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Judicial review is a type of court proceeding in which a judge reviews the lawfulness of a decision or action made by a public body.

In December 2012, the Government published a consultation paper entitled Judicial Review: Proposals for Reform which ran between 13 December and 24 January 2013. The consultation sought views on a package of measures to stem the growth in applications for judicial reviews.

In April 2013, the Government published its response to the consultation, indicating that a number of measures would be introduced. These included:

  • A reduction in the time limits for bringing a claim from three months to six weeks in planning cases and 30 days in procurement cases;
  • The introduction of a new fee for an oral renewal hearing, where the claimant does not accept a refusal of permission on the papers, and asks for the decision to be reconsidered at a hearing (an “oral renewal”); and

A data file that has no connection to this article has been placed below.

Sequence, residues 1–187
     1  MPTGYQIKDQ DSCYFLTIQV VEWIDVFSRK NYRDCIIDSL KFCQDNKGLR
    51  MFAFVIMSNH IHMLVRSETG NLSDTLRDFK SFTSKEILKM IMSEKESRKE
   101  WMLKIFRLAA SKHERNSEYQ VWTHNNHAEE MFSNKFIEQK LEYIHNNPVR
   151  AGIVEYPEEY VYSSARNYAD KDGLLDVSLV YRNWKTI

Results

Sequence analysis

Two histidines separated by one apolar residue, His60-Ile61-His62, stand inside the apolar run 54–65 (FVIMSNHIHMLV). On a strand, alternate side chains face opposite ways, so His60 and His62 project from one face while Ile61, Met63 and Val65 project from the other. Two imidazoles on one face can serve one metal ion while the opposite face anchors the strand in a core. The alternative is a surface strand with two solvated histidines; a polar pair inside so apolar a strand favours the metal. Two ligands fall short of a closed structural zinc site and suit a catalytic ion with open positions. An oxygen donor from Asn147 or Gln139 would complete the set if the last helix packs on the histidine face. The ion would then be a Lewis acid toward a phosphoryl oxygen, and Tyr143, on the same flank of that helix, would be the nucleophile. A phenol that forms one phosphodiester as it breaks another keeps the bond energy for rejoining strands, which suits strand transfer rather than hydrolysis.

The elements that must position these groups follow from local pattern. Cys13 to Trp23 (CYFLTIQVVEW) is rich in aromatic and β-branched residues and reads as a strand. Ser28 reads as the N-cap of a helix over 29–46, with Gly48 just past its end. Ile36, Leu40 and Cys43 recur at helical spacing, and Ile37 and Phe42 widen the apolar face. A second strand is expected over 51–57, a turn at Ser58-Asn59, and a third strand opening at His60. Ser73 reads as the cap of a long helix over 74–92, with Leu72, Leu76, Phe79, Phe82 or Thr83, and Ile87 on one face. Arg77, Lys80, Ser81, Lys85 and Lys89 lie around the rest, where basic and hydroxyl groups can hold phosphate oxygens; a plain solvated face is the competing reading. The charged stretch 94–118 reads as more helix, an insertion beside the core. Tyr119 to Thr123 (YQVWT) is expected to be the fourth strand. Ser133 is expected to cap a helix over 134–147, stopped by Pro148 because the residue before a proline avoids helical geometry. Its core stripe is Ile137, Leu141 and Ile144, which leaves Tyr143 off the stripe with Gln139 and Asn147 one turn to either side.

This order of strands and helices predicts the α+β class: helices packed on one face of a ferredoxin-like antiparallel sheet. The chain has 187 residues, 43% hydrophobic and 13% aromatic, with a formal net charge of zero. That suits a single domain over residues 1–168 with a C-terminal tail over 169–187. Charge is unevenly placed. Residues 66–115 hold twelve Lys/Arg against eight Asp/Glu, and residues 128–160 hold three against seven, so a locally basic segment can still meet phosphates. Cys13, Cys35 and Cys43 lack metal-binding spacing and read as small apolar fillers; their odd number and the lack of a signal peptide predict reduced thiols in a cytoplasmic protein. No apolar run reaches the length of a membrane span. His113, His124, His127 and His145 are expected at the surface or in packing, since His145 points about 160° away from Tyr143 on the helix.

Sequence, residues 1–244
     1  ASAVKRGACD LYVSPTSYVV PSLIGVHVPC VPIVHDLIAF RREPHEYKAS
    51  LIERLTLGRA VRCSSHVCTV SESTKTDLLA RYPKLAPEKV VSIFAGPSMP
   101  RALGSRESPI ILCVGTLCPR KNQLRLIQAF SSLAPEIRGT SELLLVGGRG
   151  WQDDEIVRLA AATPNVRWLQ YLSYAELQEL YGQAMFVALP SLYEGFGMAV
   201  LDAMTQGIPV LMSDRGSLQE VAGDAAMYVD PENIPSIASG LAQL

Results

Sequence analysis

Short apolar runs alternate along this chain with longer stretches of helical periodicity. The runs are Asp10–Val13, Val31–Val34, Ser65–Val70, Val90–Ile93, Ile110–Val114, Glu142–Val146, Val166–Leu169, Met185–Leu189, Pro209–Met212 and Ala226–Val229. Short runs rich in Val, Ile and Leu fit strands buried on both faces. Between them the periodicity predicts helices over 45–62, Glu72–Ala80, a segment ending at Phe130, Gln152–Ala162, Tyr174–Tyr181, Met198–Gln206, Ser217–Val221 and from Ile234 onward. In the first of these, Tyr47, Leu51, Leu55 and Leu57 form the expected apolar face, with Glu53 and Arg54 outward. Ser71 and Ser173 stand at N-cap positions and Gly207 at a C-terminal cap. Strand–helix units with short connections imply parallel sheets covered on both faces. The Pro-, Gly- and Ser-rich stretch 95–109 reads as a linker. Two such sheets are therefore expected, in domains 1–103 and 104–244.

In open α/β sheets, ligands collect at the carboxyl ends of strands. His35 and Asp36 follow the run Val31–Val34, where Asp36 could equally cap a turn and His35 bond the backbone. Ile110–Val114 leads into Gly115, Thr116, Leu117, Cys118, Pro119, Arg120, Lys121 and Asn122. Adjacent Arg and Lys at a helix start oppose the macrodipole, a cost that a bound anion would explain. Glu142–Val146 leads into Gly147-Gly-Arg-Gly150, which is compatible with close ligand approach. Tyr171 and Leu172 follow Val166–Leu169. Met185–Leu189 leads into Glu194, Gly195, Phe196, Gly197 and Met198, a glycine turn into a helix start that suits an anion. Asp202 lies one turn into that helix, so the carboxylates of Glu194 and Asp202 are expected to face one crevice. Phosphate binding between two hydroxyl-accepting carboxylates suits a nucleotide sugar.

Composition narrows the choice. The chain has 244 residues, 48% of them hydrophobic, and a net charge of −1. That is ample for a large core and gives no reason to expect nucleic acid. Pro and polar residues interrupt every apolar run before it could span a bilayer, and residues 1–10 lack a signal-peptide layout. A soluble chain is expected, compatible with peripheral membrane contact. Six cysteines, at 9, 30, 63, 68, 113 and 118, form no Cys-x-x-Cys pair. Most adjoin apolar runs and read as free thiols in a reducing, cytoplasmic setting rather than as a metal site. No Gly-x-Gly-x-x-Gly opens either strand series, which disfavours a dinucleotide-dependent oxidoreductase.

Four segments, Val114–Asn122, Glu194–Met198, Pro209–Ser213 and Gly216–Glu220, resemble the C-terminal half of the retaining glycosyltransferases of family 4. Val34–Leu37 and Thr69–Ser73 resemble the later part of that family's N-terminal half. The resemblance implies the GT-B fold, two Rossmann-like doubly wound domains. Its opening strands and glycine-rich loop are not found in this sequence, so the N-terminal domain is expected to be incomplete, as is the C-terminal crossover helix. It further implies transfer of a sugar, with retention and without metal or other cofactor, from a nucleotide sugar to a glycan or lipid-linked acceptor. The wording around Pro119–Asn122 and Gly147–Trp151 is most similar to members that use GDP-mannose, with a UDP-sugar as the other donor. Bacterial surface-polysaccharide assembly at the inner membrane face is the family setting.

• The removal of the right to an oral renewal where the case is assessed as totally without merit on the papers.

These measures were implemented through changes to the Civil Procedure Rules in July 2013.

Another consultation, Judicial Review: proposals for further reform, was published in September 2013 and ran until November 2013. It sought to find further ways to reduce time and money spent on unmeritorious judicial review claims.

Following this consultation the Government published the Criminal Justice and Courts Bill on 5 February 2014 which brought forward provisions to implement a number of the proposals contained in the consultation.  The Bill gained Royal Assent on 12 February 2015.

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